Leave Your Fear at the DoorI’ve run into many major gift fundraisers lately who have allowed fear to take them over. I understand it. Many times in my life, I have allowed fear to take hold, causing me either not to do something or to take a hurtful action toward someone in anticipation of something bad happening to me.
But as I get older, through many experiences, I’ve learned not to let fear take over as much. Yes, it rears its ugly head at times, and I find myself falling into old patterns, but I’m learning to let it go and stop it from making me react.
To be blunt, fear is pervasive in non-profit major gift fundraising. Richard and I see this played out every day. Fear keeps organizations from taking bold initiatives. Fear keeps major gift officers from engaging donors and growing their portfolios.
Fear, at its worst, keeps us happy with the comfortable. I see this played out when I delve into major gift data and I see donors in a portfolio who give the same amount year after year after year. Why is that donor, who is in a major gift portfolio, always giving the same? Fear. Not from the donor, but fear from the major gift officer who is comfortable getting that “automatic gift,” assuring them of making a revenue goal.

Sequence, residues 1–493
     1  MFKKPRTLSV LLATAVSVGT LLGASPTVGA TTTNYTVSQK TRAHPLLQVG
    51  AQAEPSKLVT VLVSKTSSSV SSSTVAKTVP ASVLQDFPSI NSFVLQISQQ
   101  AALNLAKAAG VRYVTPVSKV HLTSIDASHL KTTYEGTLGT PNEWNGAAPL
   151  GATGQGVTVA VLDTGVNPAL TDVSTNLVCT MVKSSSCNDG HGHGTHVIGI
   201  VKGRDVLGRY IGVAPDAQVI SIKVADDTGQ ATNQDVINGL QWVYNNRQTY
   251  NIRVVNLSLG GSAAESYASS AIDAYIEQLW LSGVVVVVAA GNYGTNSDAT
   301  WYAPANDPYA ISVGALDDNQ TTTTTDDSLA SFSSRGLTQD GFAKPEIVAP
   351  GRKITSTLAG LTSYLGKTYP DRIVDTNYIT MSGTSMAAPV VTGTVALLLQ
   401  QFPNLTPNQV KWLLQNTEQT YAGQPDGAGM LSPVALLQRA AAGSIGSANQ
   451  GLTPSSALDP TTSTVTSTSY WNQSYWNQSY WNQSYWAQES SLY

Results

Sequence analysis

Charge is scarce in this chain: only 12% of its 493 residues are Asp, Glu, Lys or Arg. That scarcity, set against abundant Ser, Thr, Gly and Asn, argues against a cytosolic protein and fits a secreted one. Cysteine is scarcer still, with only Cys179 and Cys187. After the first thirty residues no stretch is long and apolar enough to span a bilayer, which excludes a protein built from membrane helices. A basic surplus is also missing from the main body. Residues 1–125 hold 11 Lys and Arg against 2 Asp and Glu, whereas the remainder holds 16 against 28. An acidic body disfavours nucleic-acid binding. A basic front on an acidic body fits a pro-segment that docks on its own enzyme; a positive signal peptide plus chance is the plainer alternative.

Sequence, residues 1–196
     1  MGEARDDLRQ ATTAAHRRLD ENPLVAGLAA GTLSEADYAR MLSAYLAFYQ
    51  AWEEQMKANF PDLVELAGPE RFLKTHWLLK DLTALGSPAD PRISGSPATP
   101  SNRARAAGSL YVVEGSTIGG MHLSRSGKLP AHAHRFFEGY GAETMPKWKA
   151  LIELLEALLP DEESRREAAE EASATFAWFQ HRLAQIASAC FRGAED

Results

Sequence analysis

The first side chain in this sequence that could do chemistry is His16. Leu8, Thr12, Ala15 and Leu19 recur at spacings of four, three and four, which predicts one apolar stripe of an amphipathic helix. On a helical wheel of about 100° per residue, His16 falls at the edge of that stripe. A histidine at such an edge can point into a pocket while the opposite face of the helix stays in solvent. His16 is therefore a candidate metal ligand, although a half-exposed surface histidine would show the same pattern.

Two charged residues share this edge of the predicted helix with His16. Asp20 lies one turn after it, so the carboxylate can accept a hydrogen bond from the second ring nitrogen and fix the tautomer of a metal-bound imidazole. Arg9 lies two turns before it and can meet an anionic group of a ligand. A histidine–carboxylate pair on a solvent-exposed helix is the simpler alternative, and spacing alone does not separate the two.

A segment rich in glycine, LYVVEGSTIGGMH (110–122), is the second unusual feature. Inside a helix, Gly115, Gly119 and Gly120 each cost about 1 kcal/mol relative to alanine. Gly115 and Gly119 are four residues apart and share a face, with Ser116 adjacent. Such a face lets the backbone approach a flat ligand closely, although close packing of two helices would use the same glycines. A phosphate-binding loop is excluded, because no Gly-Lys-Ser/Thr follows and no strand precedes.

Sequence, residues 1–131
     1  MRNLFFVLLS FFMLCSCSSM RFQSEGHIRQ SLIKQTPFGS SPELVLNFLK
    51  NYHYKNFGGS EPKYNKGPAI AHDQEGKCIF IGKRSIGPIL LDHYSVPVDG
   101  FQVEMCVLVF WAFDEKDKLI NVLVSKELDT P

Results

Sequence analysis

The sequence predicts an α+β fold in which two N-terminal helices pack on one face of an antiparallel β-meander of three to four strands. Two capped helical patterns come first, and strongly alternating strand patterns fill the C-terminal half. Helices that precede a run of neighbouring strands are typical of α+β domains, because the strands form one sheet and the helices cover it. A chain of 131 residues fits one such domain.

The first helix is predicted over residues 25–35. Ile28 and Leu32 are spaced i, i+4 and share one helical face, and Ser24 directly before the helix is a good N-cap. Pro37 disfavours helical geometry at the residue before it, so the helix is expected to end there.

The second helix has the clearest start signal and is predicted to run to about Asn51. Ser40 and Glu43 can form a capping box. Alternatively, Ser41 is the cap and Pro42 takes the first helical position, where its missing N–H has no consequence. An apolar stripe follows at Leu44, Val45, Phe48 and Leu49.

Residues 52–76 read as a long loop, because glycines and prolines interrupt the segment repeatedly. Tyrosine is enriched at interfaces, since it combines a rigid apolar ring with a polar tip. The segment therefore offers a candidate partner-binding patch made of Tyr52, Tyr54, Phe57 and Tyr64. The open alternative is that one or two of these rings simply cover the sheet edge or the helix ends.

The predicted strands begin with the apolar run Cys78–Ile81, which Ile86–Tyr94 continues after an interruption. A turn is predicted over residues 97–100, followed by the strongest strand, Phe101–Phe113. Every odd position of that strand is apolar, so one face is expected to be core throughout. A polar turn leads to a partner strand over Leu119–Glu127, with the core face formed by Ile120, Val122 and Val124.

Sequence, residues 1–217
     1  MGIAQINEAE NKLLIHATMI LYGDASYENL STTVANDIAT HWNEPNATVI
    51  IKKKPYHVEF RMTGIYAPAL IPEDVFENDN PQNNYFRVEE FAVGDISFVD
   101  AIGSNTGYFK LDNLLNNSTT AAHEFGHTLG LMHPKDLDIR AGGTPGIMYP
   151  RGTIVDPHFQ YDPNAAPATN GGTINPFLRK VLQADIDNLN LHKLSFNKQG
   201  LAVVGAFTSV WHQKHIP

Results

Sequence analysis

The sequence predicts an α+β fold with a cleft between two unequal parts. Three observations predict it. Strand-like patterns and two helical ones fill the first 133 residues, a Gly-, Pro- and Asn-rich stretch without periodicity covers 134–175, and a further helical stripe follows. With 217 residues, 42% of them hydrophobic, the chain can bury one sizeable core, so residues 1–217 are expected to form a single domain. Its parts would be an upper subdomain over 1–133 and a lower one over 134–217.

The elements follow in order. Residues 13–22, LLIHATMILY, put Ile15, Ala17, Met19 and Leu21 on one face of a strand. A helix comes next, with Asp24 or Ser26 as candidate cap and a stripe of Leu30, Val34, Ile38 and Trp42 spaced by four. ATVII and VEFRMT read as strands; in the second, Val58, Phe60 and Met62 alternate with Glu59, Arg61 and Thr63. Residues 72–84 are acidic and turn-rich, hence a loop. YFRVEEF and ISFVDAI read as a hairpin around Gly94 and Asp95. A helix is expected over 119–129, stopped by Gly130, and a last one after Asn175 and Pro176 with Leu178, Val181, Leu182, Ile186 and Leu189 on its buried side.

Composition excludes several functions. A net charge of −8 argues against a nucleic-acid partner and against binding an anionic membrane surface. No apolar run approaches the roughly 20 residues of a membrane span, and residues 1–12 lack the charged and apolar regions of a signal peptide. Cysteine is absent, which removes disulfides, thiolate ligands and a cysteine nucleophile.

You should never be comfortable as a major gift officer. Your job is always to help a donor achieve something incredible with their giving. Your fear is that if you challenge your donor to do more, you may lose that annual gift. You make excuse after excuse as to why you shouldn’t ask the donor to do more. Believe me, Richard and I have heard all the excuses.
It all comes down to being afraid. And instead of confronting that fear, you grow comfortable with the donors in your portfolio who provide that “known” revenue for you every year.
It’s not wrong to feel fear. It’s a normal human emotion. It’s what you do with that fear. Ultimately fear is a lie, if you allow it to hold you down. But it can also be a great teacher.
In most cases where a major gift fundraiser is afraid to challenge a donor or inspire them to give in a greater way, it’s usually because you don’t know the donor well enough to have that type of conversation.
So if you ask yourself “why am I afraid of asking this donor to give $10,000 when they always give $5,000?” that may tell you that you haven’t done the work to understand that donor’s interests and passions.
This is my challenge to you. Review your portfolio of your good donors. Which donors do you fear that, if you asked them to increase their giving, they would be offended and stop donating to your organization? Then, be brutally honest with yourself and ask how you could overcome that fear with each of them.
Your organization could do so much more if it had the resources, right? At least that’s what every organization is saying to us. How much of your own fear is preventing those resources from helping expand those services? Sit with that question for a bit.
Then, leave your fear at the door and walk into the room of joy.